Saturday, February 6, 2016

Can giving babies solids sooner prevent food allergies?

Christopher C. Chang, M.D., Ph.D., division chief of the division of pediatric allergy/immunology at Nemours/Alfred I. duPont Hospital for Children, weighs in a recent study that found introducing solid foods earlier to infants was associated with lower rates of allergies and asthma.

Can giving babies solids sooner prevent food allergies?


Rice cereal first and then vegetables? What about fruit? I get these questions often from my patients. The timing of when to introduce solid foods to infants can be confusing for parents, and the recommendations can vary slightly from doctor to doctor.

The research is ongoing, but there is a growing body of evidence which suggest introducing solid foods early may increase tolerance and reduce incidence of allergies.

In one recent study, researchers followed 3,781 Finnish children for five years to examine the association between duration of breastfeeding and timing of introduction of complementary foods and the development of allergic disease and specific IgE sensitization to foods and inhalants. (IIgE is an antibody involved in immune system response and allergic reactions.)

Introduction of wheat, rye, oats, and barley before age five and a half months, fish before age nine months, and egg before age 11 months was associated with lower rates of asthma, allergic rhinitis, and sIgE sensitization. Total breast-feeding duration of 9.5 months or more was associated with lower risk for nonatopic asthma (asthma not triggered by allergies, but most likely by an infection), and the benefit seemed to correlate with the duration of total breast-feeding rather than exclusive breast-feeding.

Another study showed that many parents in Israel give their babies a peanut spread called bomba and that there are fewer peanut allergies in Israel compared to other countries. But these are just two studies. In short, we can’t base our recommendations on two studies. More evidence is needed.

There is also no conclusive evidence that withholding solid foods in infancy provides health benefits, such as lowering the incidence of allergies and asthma. The current recommendations are to breastfeed exclusively for the first four to six months, after which solid foods may be introduced according to one’s preferences, culture and the advice of the baby’s physician.

Every doctor practices a little differently; some may advise introducing a certain order of solid foods, such as rice cereal first, followed by yellow vegetables, followed by orange vegetables – a typical progression based on what babies are likely to tolerate well. However, if your family eats a lot of fish, there is no reason not to offer mashed fish to a baby.

So while the jury is still out, I reiterate my advice to offer foods based on what the family would normally eat and their doctor’s recommendations. Be more concerned about food safety, i.e., don’t offer peanut butter, thinking you’re going to boost tolerance to peanuts, until you’re sure it doesn’t pose a choking hazard for the child.

Several years back, pediatricians recommended a progression something like this: no milk until age one, no eggs until age two, no peanut products until age three. This advice is not typically given nowadays, and our recommendations for the future may change yet again as more evidence is uncovered as to the optimal time to introduce solid foods.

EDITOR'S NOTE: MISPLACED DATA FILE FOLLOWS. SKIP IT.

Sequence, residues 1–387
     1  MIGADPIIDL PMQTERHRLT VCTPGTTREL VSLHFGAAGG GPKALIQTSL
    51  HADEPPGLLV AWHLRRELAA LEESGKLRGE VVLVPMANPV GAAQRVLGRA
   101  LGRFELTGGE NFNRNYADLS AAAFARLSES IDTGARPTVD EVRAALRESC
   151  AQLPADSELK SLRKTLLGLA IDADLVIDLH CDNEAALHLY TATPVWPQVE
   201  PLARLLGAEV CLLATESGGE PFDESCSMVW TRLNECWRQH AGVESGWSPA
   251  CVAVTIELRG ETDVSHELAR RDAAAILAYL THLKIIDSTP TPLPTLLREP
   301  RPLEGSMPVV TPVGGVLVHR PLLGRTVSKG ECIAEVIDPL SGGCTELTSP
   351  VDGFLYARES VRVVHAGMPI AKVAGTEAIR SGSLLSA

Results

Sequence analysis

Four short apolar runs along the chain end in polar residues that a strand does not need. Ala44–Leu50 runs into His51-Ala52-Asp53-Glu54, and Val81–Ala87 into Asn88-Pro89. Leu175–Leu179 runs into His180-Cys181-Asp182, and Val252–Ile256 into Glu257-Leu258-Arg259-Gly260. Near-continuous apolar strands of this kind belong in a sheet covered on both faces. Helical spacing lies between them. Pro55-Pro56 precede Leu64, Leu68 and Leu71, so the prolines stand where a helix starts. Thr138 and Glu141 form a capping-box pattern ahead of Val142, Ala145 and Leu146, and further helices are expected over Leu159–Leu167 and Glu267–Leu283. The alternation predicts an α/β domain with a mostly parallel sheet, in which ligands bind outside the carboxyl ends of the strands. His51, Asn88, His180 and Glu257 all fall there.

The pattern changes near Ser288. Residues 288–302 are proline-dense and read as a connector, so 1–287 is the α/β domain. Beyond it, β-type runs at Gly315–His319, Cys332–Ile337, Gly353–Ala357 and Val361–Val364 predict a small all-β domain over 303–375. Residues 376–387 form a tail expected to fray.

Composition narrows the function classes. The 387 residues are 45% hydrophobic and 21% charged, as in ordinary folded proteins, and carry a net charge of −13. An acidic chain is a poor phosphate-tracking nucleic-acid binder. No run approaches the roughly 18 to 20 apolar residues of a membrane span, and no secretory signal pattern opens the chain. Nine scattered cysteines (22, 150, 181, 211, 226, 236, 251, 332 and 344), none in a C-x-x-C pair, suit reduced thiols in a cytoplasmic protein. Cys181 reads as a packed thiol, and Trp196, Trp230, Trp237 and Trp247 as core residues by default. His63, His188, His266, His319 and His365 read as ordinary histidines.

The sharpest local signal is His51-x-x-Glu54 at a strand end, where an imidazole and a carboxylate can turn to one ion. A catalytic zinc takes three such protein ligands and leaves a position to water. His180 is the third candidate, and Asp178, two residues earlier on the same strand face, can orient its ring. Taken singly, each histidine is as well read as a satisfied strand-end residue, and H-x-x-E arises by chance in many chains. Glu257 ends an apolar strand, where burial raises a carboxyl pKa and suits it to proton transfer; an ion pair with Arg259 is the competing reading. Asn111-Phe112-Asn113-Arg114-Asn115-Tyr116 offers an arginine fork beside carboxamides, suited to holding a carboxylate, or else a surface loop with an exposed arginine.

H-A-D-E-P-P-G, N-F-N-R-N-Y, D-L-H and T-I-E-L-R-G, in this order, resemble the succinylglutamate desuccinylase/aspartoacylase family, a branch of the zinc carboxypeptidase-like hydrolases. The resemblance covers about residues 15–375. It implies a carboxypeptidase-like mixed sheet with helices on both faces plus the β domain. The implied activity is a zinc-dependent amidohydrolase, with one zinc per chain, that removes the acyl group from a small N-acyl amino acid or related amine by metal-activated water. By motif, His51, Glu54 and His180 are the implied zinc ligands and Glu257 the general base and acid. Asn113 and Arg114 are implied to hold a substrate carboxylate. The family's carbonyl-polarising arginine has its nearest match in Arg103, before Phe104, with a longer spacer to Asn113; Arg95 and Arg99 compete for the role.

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The Healthy Kids blog is your window into the latest news, research and advice around children's health. Learn more about our growing list of contributors here.

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Anna Nguyen Healthy Kids blog Editor
Sarah Levin Allen, Ph.D., CBIS Assistant Professor of Psychology at Philadelphia College of Osteopathic Medicine
Stephen Aronoff, M.D., M.B.A. Chair of the Department of Pediatrics at Temple University Hospital
Peter Bidey, D.O. Medical Director of Family Medicine at Philadelphia College of Osteopathic Medicine
Christopher C. Chang, MD, PhD, MBA, FAAAAI, FACAAI Associate Professor of Medicine in division of Rheumatology, Allergy and Clinical Immunology at UC Davis
Katherine K. Dahlsgaard, Ph.D. Lead Psychologist of The Anxiety Behaviors Clinic at Children's Hospital of Philadelphia
Gary A. Emmett, M.D., F.A.A.P Director of Hospital Pediatrics at TJU Hospital & Pediatrics Professor at Thomas Jefferson Univ.
Magee DeFelice, M.D. Chief of Allergy and Immunology at Nemours/Alfred I. duPont Hospital for Children
Hazel Guinto-Ocampo, M.D. Chief of Pediatric Emergency Services at Nemours duPont Pediatrics/Bryn Mawr Hospital
Rima Himelstein, M.D. Adolescent Medicine Specialist at Crozer-Keystone Health System
Jessica Kendorski, PhD, NCSP, BCBA-D Associate Professor in School Psychology/Applied Behavior Analysis at Philadelphia College of Osteopathic Medicine
Anita Kulick President & CEO, Educating Communities for Parenting
Janet Rosenzweig, MS, PhD, MPA VP for Programs & Research for Prevent Child Abuse America
Beth Wallace Smith, R.D. Registered Dietitian at Children's Hospital of Philadelphia
Emiliano Tatar, M.D. Pediatrician at Einstein Healthcare Network Roxborough Plaza
Jeanette Trella, Pharm.D Managing Director at The Poison Control Center at CHOP
W. Douglas Tynan, Ph.D., ABPP Director of Integrated Health Care for American Psychological Association
Flaura Koplin Winston, M.D., Ph.D. Scientific Director of the Children’s Hospital of Philadelphia’s Center for Injury Research and Prevention
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